Samuel Moth, Member of Parliament at the national assembly of Cameroon has initiated an explanatory and sensitization campaign related to the Ebo forest in the Nkam division, littoral region of the country as part of activities defined in his road map.
The newly elected Member of Parliament from the ruling Cameroon people’s democratic movement (CPDM) party, has engaged since mid-July a series of discussions with populations of his constituency. After discussions held in Douala, the MP gathered in Yingui, Nkam division various stakeholders and communities who are concerned in the process of conservation of the Ebo forest massif.
This explanatory campaign undertaken by Honorable Samuel Moth has been challenging despite the fact that many issues surrounding the Ebo forest project were highlighted but communities do not really master the stakes of the two variants of conservation.
Stakes and Challenges
The process of classifying the forest of Ebo as a national park was initiated by the nature of the public notice number 0219 / AP / MINFOF / SG / DFAP of May 3, 2006 bearing a declaration of part of the Ebo forest of public utility, then completed in 2012. This file did not get the outcome expected by the ministry of forestry and wildlife (MINFOF), because of the non-adherence of a large part of the population to the park creation project, despite massive awareness campaigns carried out in the field and support from conservation partners like WWF and WCS had been ineffective.
The guarantees as well as the expectations requested by these populations did not meet the required standards. The process was thus sealed for lack of consensus and the classification of this forest had been made impossible due to the existence of many villages within the massif.
As underscored, forest management units (FMU) is an aspect of sustainable forest management because it is based on a management plan. Concessionaires pay taxes to the local developer, create roads and economic infrastructure.
According to reports, from 2012 to 2019, exploitation of forest resources in this area has increased. Activities linked to saw milling of wood as well as the illegal exploitation of wood which do not yield anything to the state yet to the populations, have led the government to change direction to meet the expectations of these populations. This new configuration has tried to reconcile the imperatives of conservation and those of development which involves among others; the creation of two forestry management units; the recognition of the importance of the bio-diversity of the area by the creation of conservation tanks inside the FMUs; the enhancement, with a view to lake observation, of a residual portion of the surface area of more than 10,000 hectares located in the Mbam and Inoubou division, linked to the various enclaves by migration corridors of wild animals . This space could also be classified as a protected area.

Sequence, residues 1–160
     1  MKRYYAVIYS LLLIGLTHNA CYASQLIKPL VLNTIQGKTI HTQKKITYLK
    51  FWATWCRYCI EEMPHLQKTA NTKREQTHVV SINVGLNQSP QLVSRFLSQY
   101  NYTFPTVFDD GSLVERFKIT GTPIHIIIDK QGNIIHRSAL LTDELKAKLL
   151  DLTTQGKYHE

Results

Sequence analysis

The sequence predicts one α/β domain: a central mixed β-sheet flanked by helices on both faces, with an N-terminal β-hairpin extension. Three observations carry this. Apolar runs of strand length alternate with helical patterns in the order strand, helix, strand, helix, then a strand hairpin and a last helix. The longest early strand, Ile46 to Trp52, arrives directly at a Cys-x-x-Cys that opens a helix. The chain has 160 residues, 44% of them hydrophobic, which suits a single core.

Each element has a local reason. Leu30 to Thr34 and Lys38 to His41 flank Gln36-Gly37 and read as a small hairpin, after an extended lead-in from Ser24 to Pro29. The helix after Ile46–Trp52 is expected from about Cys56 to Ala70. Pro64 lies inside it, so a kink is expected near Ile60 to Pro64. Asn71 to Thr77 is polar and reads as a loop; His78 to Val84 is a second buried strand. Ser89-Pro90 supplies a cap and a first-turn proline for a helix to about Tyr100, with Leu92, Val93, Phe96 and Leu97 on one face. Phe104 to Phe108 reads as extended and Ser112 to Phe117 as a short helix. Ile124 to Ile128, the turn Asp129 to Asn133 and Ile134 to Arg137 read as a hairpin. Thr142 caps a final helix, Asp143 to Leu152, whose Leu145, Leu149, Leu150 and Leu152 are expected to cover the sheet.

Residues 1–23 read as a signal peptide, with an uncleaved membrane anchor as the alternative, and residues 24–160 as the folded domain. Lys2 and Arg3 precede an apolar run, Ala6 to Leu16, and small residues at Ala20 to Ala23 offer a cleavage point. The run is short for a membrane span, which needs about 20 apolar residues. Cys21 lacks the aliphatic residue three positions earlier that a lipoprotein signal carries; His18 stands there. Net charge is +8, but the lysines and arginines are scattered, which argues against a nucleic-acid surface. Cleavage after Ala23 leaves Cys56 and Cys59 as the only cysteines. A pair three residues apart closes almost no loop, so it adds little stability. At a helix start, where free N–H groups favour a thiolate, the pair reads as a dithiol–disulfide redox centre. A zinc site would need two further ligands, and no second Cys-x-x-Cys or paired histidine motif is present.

Benefits of participatory management
Worthy to recall, the state does not impose anything on communities. They collect and freely manage the income from forestry and wildlife activities. Since 2005, populations living near the forest management units have received nearly 160 billion Francs CFA as annual forestry fees and 4 billion Francs CFA as leasing taxes. Taking into account income from communal and community forests as well as from areas of community-managed hunting interest are other sources of substantial income that should allow communities to flourish.
It has been outlined that classified forest management units will have a management plan, an environmental impact study accompanied by consensual specifications as provided for by the forestry law.
This prospect will allow the private sector to create wealth and offers to the state, councils and neighbouring communities, opportunities in terms of income and job creation. In addition, the populations could negotiate other socio-economic benefits such as construction of roads, boreholes, schools, health centers just to name this few, with the concessionaire companies of the FMUs.
According to relevant estimates, the setting up of FMUs should also make it possible to finance the developments in the Douala-Edea wildlife reserve and the wildlife conservation areas that will be created within the two forest management units by the repayment of part of the profits from their exploitation.
However, the Banen communities who are part of yingui have express the will to reoccupy their region abandoned due to local and ethnic war have chosen the FMU. They wish and dream that their two Banen communities in the Nkam and Mbam and Inoubou divisions.
From reports, the Ebo forest is located approximately 60 kilometres from Douala in the Littoral region. It is the most functionally intact ecosystem in the Gulf of Guinea biodiversity hotspot. The Ebo forest is home to more than 40 communities which give this space and resources considerable cultural, customary and economic importance. The biodiversity of this rich forest is mainly threatened by poaching and wildlife trafficking, but also by illegal logging and the establishment of a large oil palm plantation in the buffer zone to the northwest. As noted in other areas, these logging operations directly threaten the exceptional biodiversity sheltered by this forest. They are also likely to exacerbate pressures on species and their habitats by the migration of low-paid workers into the region who may seek to supplement their meager incomes with hunting and subsistence farming.